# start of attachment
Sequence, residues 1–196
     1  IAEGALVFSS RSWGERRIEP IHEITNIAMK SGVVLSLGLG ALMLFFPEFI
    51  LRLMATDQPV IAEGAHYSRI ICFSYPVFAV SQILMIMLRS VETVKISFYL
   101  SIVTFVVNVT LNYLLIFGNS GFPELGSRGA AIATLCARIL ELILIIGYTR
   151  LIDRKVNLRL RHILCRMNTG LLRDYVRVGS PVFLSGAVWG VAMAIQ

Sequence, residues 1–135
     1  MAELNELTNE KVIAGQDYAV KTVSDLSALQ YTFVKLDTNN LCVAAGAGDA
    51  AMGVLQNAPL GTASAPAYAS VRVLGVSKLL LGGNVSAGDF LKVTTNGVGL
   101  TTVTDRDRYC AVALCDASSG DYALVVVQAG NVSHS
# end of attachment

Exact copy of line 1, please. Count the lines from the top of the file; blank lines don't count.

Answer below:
Sequence, residues 1–196